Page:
After receiving glowing praise and positive reviews for her debut novel, The Sixteenth of June, Maya Shanbhag Lang was working on her second novel when everything changed. After her mother developed early-onset Alzheimer’s, Lang became her caregiver while also caring for her own young daughter. It wasn’t her plan to write a memoir, but then again, she didn’t plan the experiences that led her to write What We Carry. The result is a memoir that explores the complex relationships between mothers and daughters. Impactful and poignant, What We Carry may not have been what Lang wanted to write originally, but it was clearly meant to be written.
Switching to memoir
I never intended to write a memoir. I didn’t set out to do this. I was actually working on a novel, taking care of my daughter, and trying to build my career. My mother had early-onset Alzheimer’s, and her health was declining rapidly. She came to live with me, and I became her full-time caretaker. To give myself some relief, I’d sit down and write a Facebook post about our day or something that happened. It might be humorous or it might be about a struggle. My editor saw the posts and said, “I think this is a book.” And I said, “I can’t write a memoir.” But that first night, I wrote the first 70 pages. I realized that I did need to write about this stuff. There were things in me that were activated by the process of caretaking.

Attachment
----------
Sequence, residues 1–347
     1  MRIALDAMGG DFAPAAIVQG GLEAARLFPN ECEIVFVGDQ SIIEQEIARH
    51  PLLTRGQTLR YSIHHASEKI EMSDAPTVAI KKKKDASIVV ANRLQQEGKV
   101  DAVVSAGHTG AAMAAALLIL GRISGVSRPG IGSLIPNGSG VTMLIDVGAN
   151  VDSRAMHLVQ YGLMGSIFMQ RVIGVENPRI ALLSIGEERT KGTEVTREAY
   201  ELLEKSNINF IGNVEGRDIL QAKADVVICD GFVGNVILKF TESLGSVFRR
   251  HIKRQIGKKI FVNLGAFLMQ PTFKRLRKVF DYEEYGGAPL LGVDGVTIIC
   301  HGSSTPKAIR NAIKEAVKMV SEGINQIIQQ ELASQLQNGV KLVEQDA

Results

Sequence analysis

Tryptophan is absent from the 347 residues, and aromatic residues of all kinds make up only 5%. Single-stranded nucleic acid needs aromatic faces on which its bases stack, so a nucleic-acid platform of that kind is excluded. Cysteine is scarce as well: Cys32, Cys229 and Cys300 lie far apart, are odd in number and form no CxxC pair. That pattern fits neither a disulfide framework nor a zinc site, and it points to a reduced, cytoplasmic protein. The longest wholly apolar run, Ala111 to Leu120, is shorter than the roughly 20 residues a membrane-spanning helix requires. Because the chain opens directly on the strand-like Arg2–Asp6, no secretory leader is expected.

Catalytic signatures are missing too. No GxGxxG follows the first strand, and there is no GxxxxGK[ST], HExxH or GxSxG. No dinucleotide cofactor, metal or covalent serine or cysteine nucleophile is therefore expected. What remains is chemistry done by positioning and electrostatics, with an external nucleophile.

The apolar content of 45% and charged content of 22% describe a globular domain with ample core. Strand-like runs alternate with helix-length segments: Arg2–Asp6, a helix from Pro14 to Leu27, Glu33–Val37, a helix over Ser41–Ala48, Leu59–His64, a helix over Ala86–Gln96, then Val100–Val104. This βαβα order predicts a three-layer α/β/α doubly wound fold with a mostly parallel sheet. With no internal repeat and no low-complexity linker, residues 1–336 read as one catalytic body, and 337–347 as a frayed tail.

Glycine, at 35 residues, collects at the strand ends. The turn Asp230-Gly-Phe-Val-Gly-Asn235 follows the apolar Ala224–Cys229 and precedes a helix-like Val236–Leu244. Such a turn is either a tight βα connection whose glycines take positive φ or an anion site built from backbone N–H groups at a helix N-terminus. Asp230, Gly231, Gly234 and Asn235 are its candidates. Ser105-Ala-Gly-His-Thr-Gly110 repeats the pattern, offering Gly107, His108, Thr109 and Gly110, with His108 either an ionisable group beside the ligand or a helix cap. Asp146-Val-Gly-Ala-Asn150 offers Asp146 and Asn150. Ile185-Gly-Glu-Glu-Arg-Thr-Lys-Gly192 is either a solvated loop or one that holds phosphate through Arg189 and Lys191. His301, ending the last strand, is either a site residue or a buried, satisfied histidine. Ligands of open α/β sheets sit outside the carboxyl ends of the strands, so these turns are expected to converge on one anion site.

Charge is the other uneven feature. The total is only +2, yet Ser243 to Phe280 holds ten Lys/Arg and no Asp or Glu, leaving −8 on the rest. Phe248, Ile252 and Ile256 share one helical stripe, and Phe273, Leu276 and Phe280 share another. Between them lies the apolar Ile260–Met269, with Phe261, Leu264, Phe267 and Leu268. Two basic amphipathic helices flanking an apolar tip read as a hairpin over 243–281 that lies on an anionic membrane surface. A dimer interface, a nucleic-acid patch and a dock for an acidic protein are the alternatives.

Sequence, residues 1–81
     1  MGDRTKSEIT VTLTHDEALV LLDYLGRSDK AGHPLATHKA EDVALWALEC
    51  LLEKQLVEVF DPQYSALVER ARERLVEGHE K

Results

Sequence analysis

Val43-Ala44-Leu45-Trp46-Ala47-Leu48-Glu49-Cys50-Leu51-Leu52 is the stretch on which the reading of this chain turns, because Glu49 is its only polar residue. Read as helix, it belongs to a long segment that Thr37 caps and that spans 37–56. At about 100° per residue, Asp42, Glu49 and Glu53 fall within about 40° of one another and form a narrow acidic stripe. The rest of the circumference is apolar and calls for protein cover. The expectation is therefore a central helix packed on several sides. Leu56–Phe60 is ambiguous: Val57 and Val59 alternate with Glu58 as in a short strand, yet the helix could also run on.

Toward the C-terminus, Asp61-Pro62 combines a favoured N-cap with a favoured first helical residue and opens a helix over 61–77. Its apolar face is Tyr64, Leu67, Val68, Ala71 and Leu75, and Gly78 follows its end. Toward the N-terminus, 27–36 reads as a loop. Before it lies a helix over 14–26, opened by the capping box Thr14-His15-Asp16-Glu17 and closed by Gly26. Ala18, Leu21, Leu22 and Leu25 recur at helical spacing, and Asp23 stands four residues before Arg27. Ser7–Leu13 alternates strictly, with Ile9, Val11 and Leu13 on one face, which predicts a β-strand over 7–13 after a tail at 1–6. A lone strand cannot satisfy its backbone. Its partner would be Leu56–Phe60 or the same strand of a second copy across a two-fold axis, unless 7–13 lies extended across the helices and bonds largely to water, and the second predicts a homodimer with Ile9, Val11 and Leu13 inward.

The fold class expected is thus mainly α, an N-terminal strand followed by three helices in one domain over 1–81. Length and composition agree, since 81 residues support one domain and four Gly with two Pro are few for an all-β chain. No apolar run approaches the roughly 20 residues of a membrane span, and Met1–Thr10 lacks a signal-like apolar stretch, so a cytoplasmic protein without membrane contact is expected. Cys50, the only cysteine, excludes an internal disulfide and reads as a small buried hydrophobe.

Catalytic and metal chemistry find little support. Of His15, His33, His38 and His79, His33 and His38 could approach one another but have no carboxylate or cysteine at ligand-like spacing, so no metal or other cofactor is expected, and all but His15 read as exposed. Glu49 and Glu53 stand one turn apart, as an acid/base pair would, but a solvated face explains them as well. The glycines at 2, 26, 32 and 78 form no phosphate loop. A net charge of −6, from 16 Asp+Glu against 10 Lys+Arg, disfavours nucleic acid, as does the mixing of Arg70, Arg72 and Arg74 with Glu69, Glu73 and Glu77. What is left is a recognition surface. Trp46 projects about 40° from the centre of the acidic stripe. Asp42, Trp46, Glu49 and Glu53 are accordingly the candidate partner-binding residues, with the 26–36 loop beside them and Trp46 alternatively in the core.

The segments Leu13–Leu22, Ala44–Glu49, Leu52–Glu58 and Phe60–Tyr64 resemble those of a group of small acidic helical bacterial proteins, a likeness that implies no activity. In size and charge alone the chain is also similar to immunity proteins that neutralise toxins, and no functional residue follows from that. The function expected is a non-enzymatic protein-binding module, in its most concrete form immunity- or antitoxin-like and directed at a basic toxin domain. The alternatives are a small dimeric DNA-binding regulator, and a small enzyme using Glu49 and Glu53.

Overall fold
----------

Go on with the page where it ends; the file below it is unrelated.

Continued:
Nonfiction vs. fiction
It was hard. With fiction, you’re shielded and protected. You’re a few degrees removed with fiction, but not with nonfiction. Fiction is like listening to someone’s heartbeat through a stethoscope. Memoir is like open-heart surgery and holding someone’s heart in your hands.
Fiction starting point
When I write fiction, I know nothing ahead of time. With my first novel, it all started with the opening sentence, which popped into my brain. I didn’t know a thing about the characters. I wrote the book sentence by sentence, like building a house plank by plank. For me, fiction is an exercise in uncertainty, in venturing into the dark. The mystery is what keeps me going. I’ll write pages and pages that don’t wind up in the final book, but they help me to learn my characters.
I edit way too much as I’m going, which is ridiculous. It’s sort of like I feel the need to make the intro perfect, which is like picking the perfect wallpaper for a foyer before the house is built. It’s not efficient. I’ll hem and haw over a certain paraphrase and later might cut that whole page. The most important thing is to get a draft written and then take a look with fresh eyes – as a reader would receive it. I’ve gotten quite ruthless with editing. I’m willing to cut if something isn’t working.
When I’m in a groove, I try to write according to my daughter’s schedule. I write between 9:30-3:00. I really try to be in the work and not distracted by social media or email. Sometimes I have a day where I don’t produce much writing. But I look at what I have and absorb it and sit with it. And I think that time is necessary. It doesn’t yield a lot of results. There’s no pileup of pages, but you need those days of tending to the soil to get the harvest.
Allison Futterman is a freelance writer based in Charlotte, North Carolina.